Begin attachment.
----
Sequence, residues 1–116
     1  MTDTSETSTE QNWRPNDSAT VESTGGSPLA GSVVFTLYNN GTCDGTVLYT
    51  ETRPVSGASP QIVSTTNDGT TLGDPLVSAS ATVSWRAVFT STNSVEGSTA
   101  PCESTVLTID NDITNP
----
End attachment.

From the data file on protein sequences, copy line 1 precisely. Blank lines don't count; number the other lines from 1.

Sequence, residues 1–116